By Peter Alagos/Business Reporter
Arbitration cases in Qatar, particularly in the country’s construction and energy sector, have increased from three in 2005 to 30 in 2015, ICC Court secretary general Andrea Carlevaris told Gulf Times.
Speaking at a recently-held conference, Carlevaris said the number is expected to increase in 2016 due fluctuations in oil prices.
Carlevaris explained that the growth in the number of arbitration cases brought to the ICC Court “may mean an increase in the local economy, particularly in the energy and infrastructure sectors.” He added: “But it also means that Qatari parties are relying on the ICC as a reliable dispute resolution mechanism.”
“These disputes probably existed also in the past but now we see that even international disputes are referred to the ICC Court of Arbitration,” he said.
This was reiterated by Qatar International Centre for Conciliation and Arbitration (QICCA) board member Sheikh Thani bin Ali al-Thani, who noted that aside from fluctuating oil prices, the influx different foreign companies in Qatar have increased the number of arbitration cases.
Sheikh Thani told Gulf Times that the cases received by QICCA are mostly from the construction sector: “Most of the cases we received were about delays in timelines, delivery of projects, and issues between the contractor and sub-contractors.
“Some ended in arbitration, mediation, and some cases underwent normal court proceedings. But there is an increasing trend in arbitration since many companies want to maintain a sense of privacy.”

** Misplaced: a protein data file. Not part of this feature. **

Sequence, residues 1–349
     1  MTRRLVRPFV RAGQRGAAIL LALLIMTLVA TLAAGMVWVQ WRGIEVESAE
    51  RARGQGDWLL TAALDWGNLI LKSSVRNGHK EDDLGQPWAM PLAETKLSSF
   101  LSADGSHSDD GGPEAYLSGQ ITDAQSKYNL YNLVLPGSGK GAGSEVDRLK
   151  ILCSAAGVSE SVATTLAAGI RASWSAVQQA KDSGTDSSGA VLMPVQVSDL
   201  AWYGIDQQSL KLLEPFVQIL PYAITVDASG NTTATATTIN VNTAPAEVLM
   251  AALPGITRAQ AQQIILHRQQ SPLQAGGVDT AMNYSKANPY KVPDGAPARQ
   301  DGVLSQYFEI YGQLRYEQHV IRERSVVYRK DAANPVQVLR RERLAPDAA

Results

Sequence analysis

Carlevaris also said: “The increase in dispute cases may also mean that there is more international business going on in Qatar, but also the parties are possibly shifting from court systems or local arbitrary institutions to international institutions such as the ICC. Also, the ICC arbitration system is considered reliable, not only by international investors in Qatar, but also by the Qatari private and public sectors.”
He added: “I would say the construction and energy sector almost exhaust the Qatari cases.”
Asked if the ICC Court expects to receive more disputes this year, Carlevaris said: “The fluctuations in the oil prices have been a significant factor in the growth of arbitration cases. These are typically sources of disputes.”
Today, Carlevaris said energy disputes constitute a large portion or almost 20% of legal disputes that go to the ICC Court. “The disputes that go to the ICC Court involving energy claims have seen a very significant increase in recent years,” he said.
He added that energy disputes rank second after construction and infrastructure disputes, which is another popular sector in Qatar.
“The increase in arbitration cases concerns the whole region, but it is particularly prevalent in Qatar. Other neighbouring jurisdictions have also shown a similar increase in cases but not as high in Qatar,” he said.
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